Financial Challenge: Debt Reduction & Retirement Savings
Magazine Money Women

Financial Challenge

Hardaway would like to be debt free and considers working full-time to meet that goal. “That would add an extra 20% to my pay for an extra day’s work,” she concedes. “My biggest concern is: am I overzealous about the things I want to do?”


Black Enterprise drew up a blueprint for Hardaway to follow:

Put the side business on hold and work full time. The annual $1,500 franchise fee is cutting into Hardaway’s profits. Since her business is grossing only $6,000 a year, that leaves her with just $4,500. Working full time would mean a 20% increase in pay, according to Hardaway. That’s an additional $23,200 a year. This would go a long way toward helping her meet her goals.

Build up cash reserves. Hardaway must attack her financial challenges in the following order: Build an emergency cushion, pay down debt, build retirement savings, and help her daughter with college expenses. Hardaway doesn’t have the cash reserves she’d need to cover unexpected expenses, putting her at risk, says Danny Freeman, principal adviser of Darda Wealth Management in Winston-Salem, North Carolina. She should establish an emergency fund equal to six months of household expenses. Hardaway nets about $7,300 a month and household expenses equal about $6,000, including the money she’s saving for Zoë’s college expenses. So, she can put aside $200 each month toward emergency savings and add it to the $2,000 contest winnings.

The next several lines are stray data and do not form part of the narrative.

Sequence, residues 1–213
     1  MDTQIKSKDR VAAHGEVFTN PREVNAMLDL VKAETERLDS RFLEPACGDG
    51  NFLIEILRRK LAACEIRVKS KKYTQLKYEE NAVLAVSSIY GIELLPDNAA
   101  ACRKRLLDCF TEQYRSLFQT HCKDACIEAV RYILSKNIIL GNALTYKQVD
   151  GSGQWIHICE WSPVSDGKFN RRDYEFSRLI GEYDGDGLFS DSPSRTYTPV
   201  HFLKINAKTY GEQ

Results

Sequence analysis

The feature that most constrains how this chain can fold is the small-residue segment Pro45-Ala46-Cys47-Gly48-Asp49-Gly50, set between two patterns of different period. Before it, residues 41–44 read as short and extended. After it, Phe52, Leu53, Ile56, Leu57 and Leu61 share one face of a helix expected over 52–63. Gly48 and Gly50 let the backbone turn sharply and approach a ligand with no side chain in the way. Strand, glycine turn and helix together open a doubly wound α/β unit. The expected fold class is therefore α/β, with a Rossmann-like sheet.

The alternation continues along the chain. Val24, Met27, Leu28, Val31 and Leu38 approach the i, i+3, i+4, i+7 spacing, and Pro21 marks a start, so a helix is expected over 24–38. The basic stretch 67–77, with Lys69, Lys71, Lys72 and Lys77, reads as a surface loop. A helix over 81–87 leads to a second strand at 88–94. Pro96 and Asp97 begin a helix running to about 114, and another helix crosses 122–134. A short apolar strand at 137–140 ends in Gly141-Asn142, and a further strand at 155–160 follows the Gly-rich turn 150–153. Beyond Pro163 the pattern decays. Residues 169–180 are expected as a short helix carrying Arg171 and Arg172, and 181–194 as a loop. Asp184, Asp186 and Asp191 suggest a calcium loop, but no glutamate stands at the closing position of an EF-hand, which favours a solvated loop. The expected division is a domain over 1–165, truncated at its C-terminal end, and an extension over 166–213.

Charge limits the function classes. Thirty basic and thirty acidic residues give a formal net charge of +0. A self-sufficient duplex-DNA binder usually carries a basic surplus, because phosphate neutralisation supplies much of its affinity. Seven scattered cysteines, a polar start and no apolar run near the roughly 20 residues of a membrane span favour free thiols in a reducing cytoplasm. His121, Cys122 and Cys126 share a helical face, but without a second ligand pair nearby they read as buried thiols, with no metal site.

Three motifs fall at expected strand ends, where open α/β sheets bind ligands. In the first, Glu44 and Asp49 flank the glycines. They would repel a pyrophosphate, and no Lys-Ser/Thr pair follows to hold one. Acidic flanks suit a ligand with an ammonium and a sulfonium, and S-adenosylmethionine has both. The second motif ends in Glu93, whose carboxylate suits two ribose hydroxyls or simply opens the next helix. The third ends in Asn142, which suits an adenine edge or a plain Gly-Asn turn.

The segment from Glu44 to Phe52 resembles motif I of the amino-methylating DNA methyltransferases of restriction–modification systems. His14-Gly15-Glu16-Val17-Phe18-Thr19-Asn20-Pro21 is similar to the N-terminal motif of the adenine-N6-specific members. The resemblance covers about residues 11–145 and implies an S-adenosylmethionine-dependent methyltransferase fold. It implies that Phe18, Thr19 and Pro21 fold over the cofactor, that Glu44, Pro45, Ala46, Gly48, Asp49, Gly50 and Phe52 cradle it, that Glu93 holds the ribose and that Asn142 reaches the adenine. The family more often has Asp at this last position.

Reduce unsecured note and credit card debt. Hardaway has $45,000 in unsecured debt. While the interest rate on the $29,000 note is a very competitive 2.99%, it is nonetheless variable. She needs to aggressively bring that balance down. Instead of making interest-only payments of $74 per month, she should take $150 monthly from the college savings and add it to the $74. To pay off the credit card debt, Hardaway must immediately stop using the card, pay more than the minimum amount due, and pay on time each month.

Readjust retirement portfolio. The balances in her retirement plans are adequate given her age. But she needs to readjust her asset allocation. Because of her steep losses in the market and her general caution, Hardaway has become too conservative. She needs a balanced portfolio: 65% equity (52% U.S. stock and 13% international) and 35% fixed-income. Reallocating the assets will help her realize greater investment gains without increasing her contributions.

Re-evaluate college savings. Hardaway will need about $60,000 to pay for her daughter’s education (in-state tuition, fees, and room and board at a public college, as of 2010). She can actually cut back and still reach that goal by contributing $600 per month and earning 4% per year on average for the next 4 1/2 years, says Freeman. Also, she should factor in options such as scholarships, low-interest student loans, and grants to help foot the bill for Zoë’s education.